We noted two very good comments this morning. Daniel Finkelstein writes in the Times that the amendment would lead to a hard Brexit, rather than soften it as its authors intended. He gives three reasons. The first is that the EU's position should not be taken for granted. Second, the Labour Party's priority is to defeat the government. Labour may not support the withdrawal deal, but Labour would also not support any of the alternatives either. This produces the absurdity that there is simultaneously a parliamentary majority against staying in the single market, and against leaving it. The same goes for a second referendum. Labour might support a referendum, but not support a second Leave vote. The objective is to produce chaos, not to solve problems. And finally, he says the authors of the amendment underestimate the strength of will of those who support a hard Brexit. This is after all the default position under Article 50. A Brexit reversal does not happen by default. It requires a majority.

The crucial part in this puzzle is the position of the Labour Party. If the Labour Party were united in a position to reverse Brexit, or change the Brexit mandate, they could achieve that. Nick Cohen has a very good comment in the Spectator on Labour's position, in which he is desperately trying to make out a rational explanation for why Jeremy Corbyn behaves the way he does. One possible explanation is that he is planning a siege economy with import and exchange controls. 

"Anyone who has spent time in a left-wing party, trade union or university department will recognise the New Labour adviser Hopi Sen’s description of the process at work in the 21st century. You are in a meeting and everyone agrees to a policy until someone ‘takes one step to the left’ and in an accusatory voice denounces it as a betrayal of the true values of the left. Until, that is, there are no more steps to take and the movement collapses."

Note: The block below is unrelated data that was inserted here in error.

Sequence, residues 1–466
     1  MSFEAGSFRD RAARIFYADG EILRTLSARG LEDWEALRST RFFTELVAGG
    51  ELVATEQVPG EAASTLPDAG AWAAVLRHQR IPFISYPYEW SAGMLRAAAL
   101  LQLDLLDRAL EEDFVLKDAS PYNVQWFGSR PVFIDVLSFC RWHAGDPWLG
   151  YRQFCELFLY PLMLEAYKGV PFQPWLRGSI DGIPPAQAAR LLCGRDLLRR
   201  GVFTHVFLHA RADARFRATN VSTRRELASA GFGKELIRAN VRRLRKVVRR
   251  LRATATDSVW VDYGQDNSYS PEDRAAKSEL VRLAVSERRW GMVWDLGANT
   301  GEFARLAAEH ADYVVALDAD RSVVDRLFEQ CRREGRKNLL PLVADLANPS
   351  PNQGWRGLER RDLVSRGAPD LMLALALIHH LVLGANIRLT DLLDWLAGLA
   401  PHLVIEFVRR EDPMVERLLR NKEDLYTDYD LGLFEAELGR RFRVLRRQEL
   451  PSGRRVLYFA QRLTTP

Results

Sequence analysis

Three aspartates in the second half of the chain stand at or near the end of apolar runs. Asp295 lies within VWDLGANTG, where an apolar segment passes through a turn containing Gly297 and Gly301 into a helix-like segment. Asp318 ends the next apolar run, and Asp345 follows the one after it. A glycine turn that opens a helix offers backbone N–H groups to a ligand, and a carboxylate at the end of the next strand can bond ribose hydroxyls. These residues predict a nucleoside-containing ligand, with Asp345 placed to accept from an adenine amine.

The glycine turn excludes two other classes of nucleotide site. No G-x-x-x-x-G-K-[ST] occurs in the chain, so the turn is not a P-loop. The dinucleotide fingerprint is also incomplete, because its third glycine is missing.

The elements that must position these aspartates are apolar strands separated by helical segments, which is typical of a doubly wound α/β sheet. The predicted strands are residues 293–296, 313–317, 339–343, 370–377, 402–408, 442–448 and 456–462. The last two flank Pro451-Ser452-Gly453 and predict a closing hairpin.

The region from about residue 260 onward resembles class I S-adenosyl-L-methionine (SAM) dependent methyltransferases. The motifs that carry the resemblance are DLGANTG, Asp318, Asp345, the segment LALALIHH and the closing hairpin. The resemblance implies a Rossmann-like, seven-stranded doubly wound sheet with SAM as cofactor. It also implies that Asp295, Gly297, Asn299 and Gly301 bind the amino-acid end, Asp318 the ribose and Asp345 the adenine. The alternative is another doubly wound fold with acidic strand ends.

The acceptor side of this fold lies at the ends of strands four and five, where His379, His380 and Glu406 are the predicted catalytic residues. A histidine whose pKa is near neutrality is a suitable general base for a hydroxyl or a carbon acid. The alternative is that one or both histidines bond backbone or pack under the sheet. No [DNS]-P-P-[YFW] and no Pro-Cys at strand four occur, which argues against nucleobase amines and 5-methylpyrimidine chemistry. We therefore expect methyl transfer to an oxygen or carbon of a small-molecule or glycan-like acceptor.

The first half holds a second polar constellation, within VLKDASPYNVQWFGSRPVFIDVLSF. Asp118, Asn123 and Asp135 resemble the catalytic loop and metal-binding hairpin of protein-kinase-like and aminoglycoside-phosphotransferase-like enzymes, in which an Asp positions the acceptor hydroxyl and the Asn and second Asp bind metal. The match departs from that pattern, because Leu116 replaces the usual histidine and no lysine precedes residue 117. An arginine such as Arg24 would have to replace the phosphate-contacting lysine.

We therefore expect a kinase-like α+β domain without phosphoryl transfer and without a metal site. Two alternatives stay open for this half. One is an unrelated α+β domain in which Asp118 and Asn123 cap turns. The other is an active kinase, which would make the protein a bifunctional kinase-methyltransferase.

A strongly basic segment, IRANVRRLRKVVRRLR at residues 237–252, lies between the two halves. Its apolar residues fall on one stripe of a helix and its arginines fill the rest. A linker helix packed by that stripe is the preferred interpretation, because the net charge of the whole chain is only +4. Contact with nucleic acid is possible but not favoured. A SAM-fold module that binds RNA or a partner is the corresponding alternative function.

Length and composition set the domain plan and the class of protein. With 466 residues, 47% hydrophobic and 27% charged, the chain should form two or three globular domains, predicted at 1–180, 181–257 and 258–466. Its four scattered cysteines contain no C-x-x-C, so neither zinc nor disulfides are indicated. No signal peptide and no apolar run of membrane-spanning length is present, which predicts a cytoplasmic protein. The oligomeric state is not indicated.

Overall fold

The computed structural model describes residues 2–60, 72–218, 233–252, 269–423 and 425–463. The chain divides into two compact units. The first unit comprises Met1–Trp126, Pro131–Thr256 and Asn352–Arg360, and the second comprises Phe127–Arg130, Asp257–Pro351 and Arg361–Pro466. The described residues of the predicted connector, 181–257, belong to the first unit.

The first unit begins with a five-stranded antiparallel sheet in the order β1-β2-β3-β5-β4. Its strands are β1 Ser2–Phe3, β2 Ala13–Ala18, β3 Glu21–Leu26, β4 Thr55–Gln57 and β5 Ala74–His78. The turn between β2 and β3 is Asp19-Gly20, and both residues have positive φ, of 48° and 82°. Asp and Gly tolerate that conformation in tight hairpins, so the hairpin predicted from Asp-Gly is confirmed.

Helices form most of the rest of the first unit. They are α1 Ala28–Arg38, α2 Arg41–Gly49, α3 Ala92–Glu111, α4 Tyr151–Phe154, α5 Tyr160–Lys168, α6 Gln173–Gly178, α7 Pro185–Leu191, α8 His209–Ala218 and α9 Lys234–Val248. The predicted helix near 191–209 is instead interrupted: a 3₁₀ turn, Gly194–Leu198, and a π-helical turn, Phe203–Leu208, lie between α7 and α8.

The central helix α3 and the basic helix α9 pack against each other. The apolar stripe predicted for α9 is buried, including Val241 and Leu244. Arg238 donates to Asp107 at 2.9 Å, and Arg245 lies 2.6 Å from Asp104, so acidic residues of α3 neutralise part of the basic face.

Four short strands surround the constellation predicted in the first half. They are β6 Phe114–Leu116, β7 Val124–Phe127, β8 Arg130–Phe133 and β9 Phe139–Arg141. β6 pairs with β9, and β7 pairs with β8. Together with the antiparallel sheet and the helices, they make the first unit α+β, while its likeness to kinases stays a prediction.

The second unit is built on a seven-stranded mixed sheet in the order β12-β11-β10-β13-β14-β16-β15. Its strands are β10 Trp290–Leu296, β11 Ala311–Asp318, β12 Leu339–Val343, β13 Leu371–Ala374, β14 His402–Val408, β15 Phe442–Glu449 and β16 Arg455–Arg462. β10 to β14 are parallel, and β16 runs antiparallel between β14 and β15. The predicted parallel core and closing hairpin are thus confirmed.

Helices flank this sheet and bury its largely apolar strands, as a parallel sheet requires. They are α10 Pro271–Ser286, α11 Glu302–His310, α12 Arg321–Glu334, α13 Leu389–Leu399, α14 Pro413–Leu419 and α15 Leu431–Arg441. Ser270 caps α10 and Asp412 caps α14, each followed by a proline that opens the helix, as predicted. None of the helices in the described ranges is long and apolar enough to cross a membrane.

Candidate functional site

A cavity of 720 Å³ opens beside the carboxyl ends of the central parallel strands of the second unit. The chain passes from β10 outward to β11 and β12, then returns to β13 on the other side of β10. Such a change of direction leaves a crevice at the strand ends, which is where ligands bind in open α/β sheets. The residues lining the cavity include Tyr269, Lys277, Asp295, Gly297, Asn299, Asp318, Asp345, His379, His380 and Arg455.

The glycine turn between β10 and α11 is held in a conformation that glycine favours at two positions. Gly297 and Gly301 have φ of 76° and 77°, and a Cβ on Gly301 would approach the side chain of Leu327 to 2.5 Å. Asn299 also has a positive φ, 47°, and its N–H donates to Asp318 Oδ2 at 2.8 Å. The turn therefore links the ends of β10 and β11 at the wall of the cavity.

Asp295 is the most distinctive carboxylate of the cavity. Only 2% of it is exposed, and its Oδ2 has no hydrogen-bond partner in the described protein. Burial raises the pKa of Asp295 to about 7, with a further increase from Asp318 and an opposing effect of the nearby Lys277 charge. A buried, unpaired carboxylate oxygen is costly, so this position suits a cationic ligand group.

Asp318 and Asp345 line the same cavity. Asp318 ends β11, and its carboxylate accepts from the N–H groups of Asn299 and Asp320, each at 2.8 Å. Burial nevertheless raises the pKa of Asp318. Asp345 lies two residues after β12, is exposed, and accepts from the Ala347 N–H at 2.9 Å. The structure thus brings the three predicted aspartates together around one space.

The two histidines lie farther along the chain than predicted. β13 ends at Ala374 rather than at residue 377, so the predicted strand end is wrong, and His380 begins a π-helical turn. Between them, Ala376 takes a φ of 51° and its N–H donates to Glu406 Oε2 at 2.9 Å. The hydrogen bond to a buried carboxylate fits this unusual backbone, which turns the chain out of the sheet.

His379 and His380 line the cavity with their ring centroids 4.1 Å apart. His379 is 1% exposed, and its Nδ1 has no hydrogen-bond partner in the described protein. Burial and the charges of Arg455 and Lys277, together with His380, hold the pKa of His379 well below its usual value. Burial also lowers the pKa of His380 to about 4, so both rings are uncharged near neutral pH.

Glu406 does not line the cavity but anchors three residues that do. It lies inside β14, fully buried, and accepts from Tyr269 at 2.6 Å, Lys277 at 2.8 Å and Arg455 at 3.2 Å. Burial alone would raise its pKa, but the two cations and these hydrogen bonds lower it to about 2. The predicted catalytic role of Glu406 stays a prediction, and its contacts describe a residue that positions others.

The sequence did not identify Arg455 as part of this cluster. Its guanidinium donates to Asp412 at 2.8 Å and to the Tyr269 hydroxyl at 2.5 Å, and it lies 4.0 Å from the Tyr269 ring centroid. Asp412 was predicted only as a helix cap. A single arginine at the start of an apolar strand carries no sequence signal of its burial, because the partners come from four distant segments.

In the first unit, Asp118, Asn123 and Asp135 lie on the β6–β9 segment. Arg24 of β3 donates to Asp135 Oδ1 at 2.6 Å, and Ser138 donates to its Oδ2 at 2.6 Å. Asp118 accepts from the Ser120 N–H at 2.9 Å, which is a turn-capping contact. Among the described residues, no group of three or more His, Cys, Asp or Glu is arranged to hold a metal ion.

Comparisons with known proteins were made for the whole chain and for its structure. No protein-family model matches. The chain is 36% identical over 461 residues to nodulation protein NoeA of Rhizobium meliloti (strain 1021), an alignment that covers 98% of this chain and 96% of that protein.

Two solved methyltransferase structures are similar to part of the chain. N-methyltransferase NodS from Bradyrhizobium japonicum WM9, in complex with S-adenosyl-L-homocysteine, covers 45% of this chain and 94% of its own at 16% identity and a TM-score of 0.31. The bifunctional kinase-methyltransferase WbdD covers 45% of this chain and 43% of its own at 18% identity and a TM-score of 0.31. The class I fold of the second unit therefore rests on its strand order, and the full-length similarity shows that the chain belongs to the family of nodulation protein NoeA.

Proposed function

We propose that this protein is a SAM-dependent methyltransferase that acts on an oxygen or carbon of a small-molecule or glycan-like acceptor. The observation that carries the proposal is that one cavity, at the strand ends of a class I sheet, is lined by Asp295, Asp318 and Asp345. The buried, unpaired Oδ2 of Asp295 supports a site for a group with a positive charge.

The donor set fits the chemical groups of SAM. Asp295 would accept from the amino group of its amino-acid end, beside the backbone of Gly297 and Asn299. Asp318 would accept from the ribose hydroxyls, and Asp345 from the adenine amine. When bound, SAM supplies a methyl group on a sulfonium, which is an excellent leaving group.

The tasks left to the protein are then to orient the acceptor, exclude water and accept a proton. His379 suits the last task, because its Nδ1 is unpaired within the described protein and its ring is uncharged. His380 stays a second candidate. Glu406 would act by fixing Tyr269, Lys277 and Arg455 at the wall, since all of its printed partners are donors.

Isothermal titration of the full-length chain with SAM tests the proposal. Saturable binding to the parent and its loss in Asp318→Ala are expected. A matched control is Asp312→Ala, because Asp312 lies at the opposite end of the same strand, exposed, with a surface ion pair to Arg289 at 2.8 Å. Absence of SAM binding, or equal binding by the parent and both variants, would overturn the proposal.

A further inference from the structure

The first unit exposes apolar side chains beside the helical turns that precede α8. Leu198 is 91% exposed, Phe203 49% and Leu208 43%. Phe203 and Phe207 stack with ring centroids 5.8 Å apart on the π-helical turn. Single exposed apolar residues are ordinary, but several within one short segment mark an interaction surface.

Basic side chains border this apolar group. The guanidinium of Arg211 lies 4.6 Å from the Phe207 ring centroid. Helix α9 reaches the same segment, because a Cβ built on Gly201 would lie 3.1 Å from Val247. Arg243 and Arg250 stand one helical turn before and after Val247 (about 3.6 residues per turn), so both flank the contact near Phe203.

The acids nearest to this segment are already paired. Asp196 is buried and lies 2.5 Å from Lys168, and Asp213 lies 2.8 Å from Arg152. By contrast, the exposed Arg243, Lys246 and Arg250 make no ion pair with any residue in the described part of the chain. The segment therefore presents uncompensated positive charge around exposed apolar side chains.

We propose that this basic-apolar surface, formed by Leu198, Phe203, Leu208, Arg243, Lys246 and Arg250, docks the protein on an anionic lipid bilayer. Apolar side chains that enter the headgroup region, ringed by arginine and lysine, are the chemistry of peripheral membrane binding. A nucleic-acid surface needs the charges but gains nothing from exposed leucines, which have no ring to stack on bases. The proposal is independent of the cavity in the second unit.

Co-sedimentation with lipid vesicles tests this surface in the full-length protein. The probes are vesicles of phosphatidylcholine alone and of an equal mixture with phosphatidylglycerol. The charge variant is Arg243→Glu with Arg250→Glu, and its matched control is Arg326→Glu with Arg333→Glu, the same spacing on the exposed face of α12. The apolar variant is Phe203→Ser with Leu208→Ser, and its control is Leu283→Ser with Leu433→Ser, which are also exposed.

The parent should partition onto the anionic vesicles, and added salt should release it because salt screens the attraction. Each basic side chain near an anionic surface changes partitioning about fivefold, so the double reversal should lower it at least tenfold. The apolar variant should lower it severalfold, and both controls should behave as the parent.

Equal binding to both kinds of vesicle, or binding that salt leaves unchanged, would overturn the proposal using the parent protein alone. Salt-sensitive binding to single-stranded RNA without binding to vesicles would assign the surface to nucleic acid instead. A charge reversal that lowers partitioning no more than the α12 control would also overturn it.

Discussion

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June 20, 2018

The message of two shocking polls

We have had two opinion polls in the last few days, which are indicative of where the EU is heading right now. In Germany, an Insa poll has asked the hypothetical question of voting intentions if CDU and CSU were to split. The result is, in %:

in %
CDU22
CSU18
SPD17
AFD11
FDP6
Left12
Greens10

The poll shows the political costs of Merkel's refugee policies - the gap between the combined vote of the CDU/CSU now and the sum of the votes above is around 10pp. A separate CSU would be able to get some of the votes back that migrated to the AfD. The poll shows us what is possible, not what will happen. A breakaway, well managed, would offer an opportunity to the CSU to strengthen its position. It would be a de facto equal partner in a coalition with the CDU. But note that there is still no majority for a restrictive immigration policy even under this poll. CSU, FDP and AfD would not have a majority of their own, and we don't see the CDU agreeing to entering a coalition with the AfD. 

Another intriguing polls came from SWG in Italy: 

in %
Lega29.2
Five Star29
PD18.8
Forza Italia9.2
Fratelli d'Italia4.1

It does not really matter whether the Lega has marginally pulled ahead of Five Star. This is all well within any forecasting error. But it matters that the Lega is now emerging as one of the two large independent forces of Italian politics. Berlusconi's Forza Italia is turning into a splinter party. The centre-right coalition will hold, but it will be dominated by Matteo Salvini, the new strongman of Italian politics. Every day he manages to capture the news headlines with another outrageous statement. The louder he speaks, the more support he gets. The latest is his declared support, via Twitter of course, for  

"a mass cleansing, street by street, neighbourhood by neighbourhood."